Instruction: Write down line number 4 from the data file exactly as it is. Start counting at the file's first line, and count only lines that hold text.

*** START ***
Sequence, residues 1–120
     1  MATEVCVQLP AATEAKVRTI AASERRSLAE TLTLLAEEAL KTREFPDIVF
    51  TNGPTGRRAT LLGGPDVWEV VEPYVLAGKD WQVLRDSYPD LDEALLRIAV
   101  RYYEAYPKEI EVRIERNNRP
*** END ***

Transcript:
   101  RYYEAYPKEI EVRIERNNRP